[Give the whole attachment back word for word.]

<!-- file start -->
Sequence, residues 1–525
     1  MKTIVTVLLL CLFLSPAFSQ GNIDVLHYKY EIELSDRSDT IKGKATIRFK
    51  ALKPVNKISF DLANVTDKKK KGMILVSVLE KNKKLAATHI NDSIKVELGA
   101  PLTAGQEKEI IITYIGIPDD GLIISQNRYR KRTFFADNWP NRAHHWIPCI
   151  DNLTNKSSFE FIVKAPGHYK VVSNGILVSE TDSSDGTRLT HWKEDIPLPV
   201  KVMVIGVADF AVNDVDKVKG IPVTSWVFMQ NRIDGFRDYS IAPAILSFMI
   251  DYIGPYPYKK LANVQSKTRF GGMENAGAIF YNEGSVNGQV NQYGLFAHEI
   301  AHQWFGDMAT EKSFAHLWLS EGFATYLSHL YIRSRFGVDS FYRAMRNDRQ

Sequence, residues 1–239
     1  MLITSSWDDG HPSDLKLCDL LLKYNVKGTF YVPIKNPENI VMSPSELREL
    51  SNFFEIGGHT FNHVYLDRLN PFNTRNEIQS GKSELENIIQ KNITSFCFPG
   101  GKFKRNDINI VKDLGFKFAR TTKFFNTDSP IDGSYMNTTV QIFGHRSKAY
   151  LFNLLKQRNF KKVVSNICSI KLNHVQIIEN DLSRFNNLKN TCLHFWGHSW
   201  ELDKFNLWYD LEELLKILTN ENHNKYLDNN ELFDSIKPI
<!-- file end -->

Sequence, residues 1–525
     1  MKTIVTVLLL CLFLSPAFSQ GNIDVLHYKY EIELSDRSDT IKGKATIRFK
    51  ALKPVNKISF DLANVTDKKK KGMILVSVLE KNKKLAATHI NDSIKVELGA
   101  PLTAGQEKEI IITYIGIPDD GLIISQNRYR KRTFFADNWP NRAHHWIPCI
   151  DNLTNKSSFE FIVKAPGHYK VVSNGILVSE TDSSDGTRLT HWKEDIPLPV
   201  KVMVIGVADF AVNDVDKVKG IPVTSWVFMQ NRIDGFRDYS IAPAILSFMI
   251  DYIGPYPYKK LANVQSKTRF GGMENAGAIF YNEGSVNGQV NQYGLFAHEI
   301  AHQWFGDMAT EKSFAHLWLS EGFATYLSHL YIRSRFGVDS FYRAMRNDRQ

Sequence, residues 1–239
     1  MLITSSWDDG HPSDLKLCDL LLKYNVKGTF YVPIKNPENI VMSPSELREL
    51  SNFFEIGGHT FNHVYLDRLN PFNTRNEIQS GKSELENIIQ KNITSFCFPG
   101  GKFKRNDINI VKDLGFKFAR TTKFFNTDSP IDGSYMNTTV QIFGHRSKAY
   151  LFNLLKQRNF KKVVSNICSI KLNHVQIIEN DLSRFNNLKN TCLHFWGHSW
   201  ELDKFNLWYD LEELLKILTN ENHNKYLDNN ELFDSIKPI